- Intelligently align mission and strategy. ACA-mandated community health needs assessments (CHNAs) routinely bring to light the most pervasive problems facing the populations in hospitals’ service areas. Meanwhile, clinicians, population health managers, case workers, and financial analysts witness the grinding devastation experienced by those with complex medical requirements and unmet social needs. Purposeful grantmaking can strengthen partnerships and programs that help restore human dignity and help bend the cost curve with better outcomes.
- Communicate a clear story. Healthcare is complicated. Grants offer hospitals a tangible, powerful way to demonstrate their community support. A transparent grantmaking process further builds trust with community leaders.
- Invest for the long haul. Unlike event sponsorships, grants let hospitals contribute funding to projects that will have both short-term and long-term impact. Hospitals are able to increase their grantmaking outlay in better fiscal years and continue to see a positive impact on the community in more challenging years as well.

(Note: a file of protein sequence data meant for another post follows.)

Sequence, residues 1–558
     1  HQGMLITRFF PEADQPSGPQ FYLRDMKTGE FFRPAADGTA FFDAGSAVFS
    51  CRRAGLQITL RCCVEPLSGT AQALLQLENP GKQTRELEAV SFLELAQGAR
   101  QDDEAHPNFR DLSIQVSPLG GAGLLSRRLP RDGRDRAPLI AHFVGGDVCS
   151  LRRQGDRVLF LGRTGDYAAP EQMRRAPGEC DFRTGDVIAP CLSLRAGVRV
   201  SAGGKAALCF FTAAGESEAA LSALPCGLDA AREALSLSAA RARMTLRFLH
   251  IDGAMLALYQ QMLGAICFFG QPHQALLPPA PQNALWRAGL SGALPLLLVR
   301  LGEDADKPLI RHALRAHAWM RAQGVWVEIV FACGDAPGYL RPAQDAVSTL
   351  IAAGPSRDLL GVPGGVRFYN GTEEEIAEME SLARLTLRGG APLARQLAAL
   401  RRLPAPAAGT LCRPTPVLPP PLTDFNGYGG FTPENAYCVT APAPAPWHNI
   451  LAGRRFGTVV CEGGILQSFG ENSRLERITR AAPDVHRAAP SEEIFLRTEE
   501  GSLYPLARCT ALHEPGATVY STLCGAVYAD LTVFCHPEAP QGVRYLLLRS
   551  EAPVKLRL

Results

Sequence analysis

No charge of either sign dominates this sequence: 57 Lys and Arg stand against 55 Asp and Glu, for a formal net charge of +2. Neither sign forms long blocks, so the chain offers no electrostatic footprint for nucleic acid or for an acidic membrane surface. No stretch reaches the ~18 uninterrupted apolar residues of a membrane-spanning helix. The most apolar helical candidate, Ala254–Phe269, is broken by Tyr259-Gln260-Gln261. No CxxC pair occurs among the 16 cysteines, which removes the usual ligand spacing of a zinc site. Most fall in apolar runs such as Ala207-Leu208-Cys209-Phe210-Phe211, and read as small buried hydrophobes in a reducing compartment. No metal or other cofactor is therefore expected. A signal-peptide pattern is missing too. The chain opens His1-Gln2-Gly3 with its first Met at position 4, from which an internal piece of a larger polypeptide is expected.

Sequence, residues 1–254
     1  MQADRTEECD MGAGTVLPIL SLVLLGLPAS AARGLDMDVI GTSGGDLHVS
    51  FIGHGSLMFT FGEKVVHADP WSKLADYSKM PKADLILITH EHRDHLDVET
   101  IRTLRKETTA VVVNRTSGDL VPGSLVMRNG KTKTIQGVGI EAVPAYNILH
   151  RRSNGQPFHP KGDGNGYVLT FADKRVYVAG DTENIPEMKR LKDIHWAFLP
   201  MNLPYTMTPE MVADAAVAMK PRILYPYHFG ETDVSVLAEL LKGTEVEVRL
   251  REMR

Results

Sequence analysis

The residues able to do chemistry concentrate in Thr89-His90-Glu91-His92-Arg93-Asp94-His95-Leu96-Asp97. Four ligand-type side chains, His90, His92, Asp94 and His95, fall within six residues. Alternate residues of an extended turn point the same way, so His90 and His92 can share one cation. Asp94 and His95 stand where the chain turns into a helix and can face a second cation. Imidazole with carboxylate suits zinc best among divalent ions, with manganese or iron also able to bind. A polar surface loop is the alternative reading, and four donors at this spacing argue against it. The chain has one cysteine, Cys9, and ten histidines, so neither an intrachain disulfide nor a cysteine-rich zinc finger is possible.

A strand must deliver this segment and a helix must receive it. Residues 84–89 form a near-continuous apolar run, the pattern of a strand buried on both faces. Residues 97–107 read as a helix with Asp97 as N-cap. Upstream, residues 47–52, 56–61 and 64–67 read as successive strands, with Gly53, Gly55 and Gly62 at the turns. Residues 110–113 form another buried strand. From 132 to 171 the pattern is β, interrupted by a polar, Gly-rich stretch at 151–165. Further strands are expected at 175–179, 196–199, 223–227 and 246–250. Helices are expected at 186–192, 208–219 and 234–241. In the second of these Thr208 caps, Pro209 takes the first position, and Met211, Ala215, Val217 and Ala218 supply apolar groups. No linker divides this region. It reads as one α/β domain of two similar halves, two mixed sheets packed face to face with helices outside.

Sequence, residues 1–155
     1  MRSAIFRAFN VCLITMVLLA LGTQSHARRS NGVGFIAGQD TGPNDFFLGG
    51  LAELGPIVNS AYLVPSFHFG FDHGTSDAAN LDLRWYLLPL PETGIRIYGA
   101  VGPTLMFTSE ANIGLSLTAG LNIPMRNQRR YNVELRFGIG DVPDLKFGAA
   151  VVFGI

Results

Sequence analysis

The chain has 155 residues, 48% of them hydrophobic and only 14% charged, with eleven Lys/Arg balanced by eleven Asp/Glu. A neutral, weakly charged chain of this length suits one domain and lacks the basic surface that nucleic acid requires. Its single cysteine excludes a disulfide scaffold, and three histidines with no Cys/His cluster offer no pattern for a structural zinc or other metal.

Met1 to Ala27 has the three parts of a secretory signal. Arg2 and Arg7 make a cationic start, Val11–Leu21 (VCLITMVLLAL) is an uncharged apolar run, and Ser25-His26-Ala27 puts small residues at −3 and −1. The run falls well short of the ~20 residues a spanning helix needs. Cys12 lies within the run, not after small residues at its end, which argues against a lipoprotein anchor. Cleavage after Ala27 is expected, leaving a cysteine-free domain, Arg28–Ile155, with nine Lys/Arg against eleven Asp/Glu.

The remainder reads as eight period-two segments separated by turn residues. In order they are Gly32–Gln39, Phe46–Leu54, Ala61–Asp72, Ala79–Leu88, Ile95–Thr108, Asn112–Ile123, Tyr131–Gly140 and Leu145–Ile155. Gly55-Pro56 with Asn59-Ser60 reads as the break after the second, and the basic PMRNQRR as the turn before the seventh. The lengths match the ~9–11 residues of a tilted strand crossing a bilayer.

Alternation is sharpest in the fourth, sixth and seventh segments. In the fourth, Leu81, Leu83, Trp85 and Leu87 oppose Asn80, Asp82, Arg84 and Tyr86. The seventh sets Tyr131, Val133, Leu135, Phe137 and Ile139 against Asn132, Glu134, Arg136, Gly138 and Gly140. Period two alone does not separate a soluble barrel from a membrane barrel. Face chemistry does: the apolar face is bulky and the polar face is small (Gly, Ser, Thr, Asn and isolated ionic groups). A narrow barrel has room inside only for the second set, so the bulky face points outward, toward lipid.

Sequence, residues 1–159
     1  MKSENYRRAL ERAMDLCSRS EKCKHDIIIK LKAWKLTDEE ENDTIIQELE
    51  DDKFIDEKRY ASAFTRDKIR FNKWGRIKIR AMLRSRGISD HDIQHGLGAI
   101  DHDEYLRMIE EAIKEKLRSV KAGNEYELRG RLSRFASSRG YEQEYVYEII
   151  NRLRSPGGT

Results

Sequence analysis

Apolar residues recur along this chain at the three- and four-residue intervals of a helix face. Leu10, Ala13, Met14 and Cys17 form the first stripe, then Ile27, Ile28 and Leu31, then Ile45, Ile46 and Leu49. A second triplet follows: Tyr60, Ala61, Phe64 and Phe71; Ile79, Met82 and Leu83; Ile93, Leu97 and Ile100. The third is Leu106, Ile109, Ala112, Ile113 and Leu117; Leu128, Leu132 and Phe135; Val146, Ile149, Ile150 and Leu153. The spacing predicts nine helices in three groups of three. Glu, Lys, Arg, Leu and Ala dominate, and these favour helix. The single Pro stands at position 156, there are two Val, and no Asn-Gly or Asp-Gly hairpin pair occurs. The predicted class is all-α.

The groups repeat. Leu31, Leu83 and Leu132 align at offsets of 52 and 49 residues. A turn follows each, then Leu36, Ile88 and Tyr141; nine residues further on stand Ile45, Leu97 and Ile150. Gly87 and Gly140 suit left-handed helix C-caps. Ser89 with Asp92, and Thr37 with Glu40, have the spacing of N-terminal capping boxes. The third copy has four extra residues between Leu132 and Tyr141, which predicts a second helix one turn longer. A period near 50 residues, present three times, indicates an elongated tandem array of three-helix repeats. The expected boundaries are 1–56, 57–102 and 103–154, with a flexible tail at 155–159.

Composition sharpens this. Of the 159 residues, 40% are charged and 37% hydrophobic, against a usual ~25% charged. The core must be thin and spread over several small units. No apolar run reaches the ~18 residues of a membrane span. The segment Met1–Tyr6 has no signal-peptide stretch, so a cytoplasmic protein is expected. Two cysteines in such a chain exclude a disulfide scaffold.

- Expand the pie. Grants often have a multiplier effect. By making a financial commitment to nonprofit partners, hospitals underscore the importance of their shared mission. This, in turn, can attract more attention and more dollars from independent grantmaking foundations, government agencies, and individuals. In addition, both individual donors and large foundations are increasingly seeking to fund partnerships, which they believe are better-positioned than standalone nonprofits to tackle some of society’s most intractable issues.
Hospitals Moving into Funder Roles
As a whole, hospital-funded grants have received less media coverage than that of traditional major donors, corporate giving programs, or independent foundations. However, this belies a growing and significant trend. Recently, I explored the 30 largest private nonprofit health systems in the U.S. (by number of hospitals). Of these, 43% had a clear grantmaking program easily found through secondary research; another 17% featured grantmaking at least one subsidiary. Only 33% had no grantmaking program.
Grantmaking programs are present at much smaller health systems as well as standalone hospitals. While sizeable, complex impact investments like Kaiser Permanente’s $200 million to combat homelessness receive the most attention, most grantmaking programs are more modest, with hospitals investing about $500,000 to $2 million per year.